Belding senior recognized as paralympic ‘All-American’


Posted by Cory Smith • Last Updated 1:35 pm on Monday, October 31 2011

To Belding High School senior Erik Doty, the phrase “blessing in disguise” has a unique meaning.
On Oct. 27, 2008, Erik was riding to school in the passenger seat of his brother Kevin’s truck while his cousin, Wade, sat in the back.
But the three never made it to school.
All Erik can remember is a sudden flash of the truck hitting an ice patch and swerving off the road. Three years later, however, all Erik has to do is look down for a constant reminder of that day.
Erik is now fitted with a prosthetic for his right leg from the knee down. His leg was crushed in the accident and was beyond saving. But if you ask him about it, he’ll just smile and tell you he wouldn’t ask for things to be any different.
“God gave me a second chance and I don’t want to waste it,” Erik said. “I believe I’m much better off today than I was before the accident”
Three years ago Erik was a shy student just beginning his freshman year at Belding High School. He didn’t participate in any sports, kept to himself and didn’t have much of an idea as far as what was ahead for him in the future.
Today, Erik is a senior at Belding High School and a 2011 U.S. Paralympic High School Tack and Field All-American.

A star is born

Erik took up track and field for the first time five months ago in June. In his first bout of competition at the Thunder in the Valley Games in Saginaw, he took first in every event he participated in.
“I participated in long jump, discus, shot put, javelin and the 100-meter dash,” Erik said. “I started exercising about a year before I first participated, but I didn’t have any experience.”
Erik then went on to participate in the Endeavor Games in Oklahoma, where he again placed first in every event he participated in, qualifying for the National Junior Championships in Saginaw.
At the championships, Erik competed in discus, javelin and shot put, again placing first in all three events.
“I didn’t think I was going to do as well as I did,” Erik said. “I thought I was just going to go into it and just do it. Just be there.”
His scores in Saginaw earned him the honor of being selected as a High School All-American.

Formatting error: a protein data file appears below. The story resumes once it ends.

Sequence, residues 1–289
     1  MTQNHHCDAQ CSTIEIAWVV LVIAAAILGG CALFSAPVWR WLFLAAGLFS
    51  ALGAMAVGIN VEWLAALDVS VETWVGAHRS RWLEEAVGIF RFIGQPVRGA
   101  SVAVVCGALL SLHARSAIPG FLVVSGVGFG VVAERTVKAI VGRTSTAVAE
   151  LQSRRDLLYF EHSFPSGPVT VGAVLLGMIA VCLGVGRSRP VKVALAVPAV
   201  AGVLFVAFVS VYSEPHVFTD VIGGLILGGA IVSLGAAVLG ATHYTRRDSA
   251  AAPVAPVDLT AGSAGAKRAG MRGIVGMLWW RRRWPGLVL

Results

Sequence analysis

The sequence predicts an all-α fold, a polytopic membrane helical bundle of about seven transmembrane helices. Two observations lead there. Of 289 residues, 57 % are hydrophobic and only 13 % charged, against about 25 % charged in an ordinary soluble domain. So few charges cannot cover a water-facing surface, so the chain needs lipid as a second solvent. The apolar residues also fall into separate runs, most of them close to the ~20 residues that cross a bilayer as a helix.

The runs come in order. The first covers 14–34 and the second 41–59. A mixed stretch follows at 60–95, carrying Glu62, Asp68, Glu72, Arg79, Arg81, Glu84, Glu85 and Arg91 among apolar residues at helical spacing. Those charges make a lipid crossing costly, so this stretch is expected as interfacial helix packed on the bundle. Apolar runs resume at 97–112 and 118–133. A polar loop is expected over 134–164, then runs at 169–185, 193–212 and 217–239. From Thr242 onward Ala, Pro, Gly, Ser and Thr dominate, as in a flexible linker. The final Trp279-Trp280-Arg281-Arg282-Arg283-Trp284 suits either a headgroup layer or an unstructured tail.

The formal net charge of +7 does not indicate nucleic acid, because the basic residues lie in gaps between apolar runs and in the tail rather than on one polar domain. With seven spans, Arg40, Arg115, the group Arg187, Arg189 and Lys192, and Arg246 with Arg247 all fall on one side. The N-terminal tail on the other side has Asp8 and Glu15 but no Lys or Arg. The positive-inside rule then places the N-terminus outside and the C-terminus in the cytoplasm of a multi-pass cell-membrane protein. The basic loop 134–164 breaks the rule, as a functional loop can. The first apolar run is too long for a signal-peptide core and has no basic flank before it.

The instant success took Erik’s parents by surprise.
“Erik was always very shy, he didn’t really play any sports,” Erik’s mother, Connie Doty, said. “To all of a sudden go into sports with no prior experience with track and field, we didn’t see this coming. Who knew he could throw so well? But once Erik got a taste of it, we knew he was going to go far with this. It’s fun to be his little cheerleaders in the corner.”

Tough call,
good result

Connie looks back at the accident three years ago and says it still seems like something out of a movie.
“I saw the kids off to school in the morning on my day off from work,” Connie said. “I saw on the news that there was an accident on Long Lake road involving a truck, but everyone around here has a truck. About an hour later my husband Dennis called and told me there was an accident and I knew by the tone of his voice that it was not good at all.”
Connie said the decision to amputate Erik’s leg was tough, but it was an obvious call.
“It was a mutual decision to go with an amputation,” Connie said. “With a prosthetic, he’d be able to run again, and that’s what we wanted for him.”
Erik’s brother, Kevin, says he still lives with the guilt of driving that truck off the road.
“I was just hoping he wouldn’t be mad at me for the rest of his life,” Kevin said. “I felt really guilty. Putting Erik through that, it’s a huge life-altering change. I told him I was sorry and I felt really bad. His leg, that’s something you can’t get back.”
Reflecting three years later, however, Kevin agrees that the accident was for the best.
“Before the accident, he wasn’t really athletic,” Kevin said. “But now he works out everyday. He’s stronger than me and I’m three years older than him. It’s good to see him, to see that he’s handled it this well. I think it’s good the way it is. He’s going somewhere big now, and I’m happy for him. If it didn’t happen, I don’t know what he’d be like.”

Big plans

Erik plans to wrestle for Belding this winter and will also participate in discus and shot put on the school’s track team this spring.
“I’ll probably wrestle without the leg,” Erik said. “I’m all set for it mentally. I hope to be right up there with them, maybe do better. If I do worse, it’s OK. I’ll just get right back up and do better.”
After graduating this spring, Erik has hopes to continue his efforts in track and field with aspirations to make it on the U.S. Paralympic team in 2016 in Brazil.
“To get there, that would just be amazing,” Erik said. “It will take a lot of effort.”
Erik’s leg injury has not only changed his outlook on life and participation in sports, but has lead a new path for his professional career as well.
“I plan to go to college and start a career in orthotics and prosthetics,” Erik said.
His parents couldn’t be happier with his decision.
“He’s a remarkable kid, but this has given him a direction now,” Connie said. “A direction for social events, for competition and now for what he’s choosing to do with his professional life. It’s opened new doors.”
“That’s the way it should be,” Erik’s father, Dennis Doty said. “You have to give back. So many people have come through for him, it’s time for him to come through for them.”
Asked if there are ever days when he wishes he still had his right leg, Erik just smiled.
“I wouldn’t be doing any of this if it wasn’t for losing my leg, he said. “I probably wouldn’t be doing any sports and I don’t even know if I would want to go to college. It was a blessing in disguise.”

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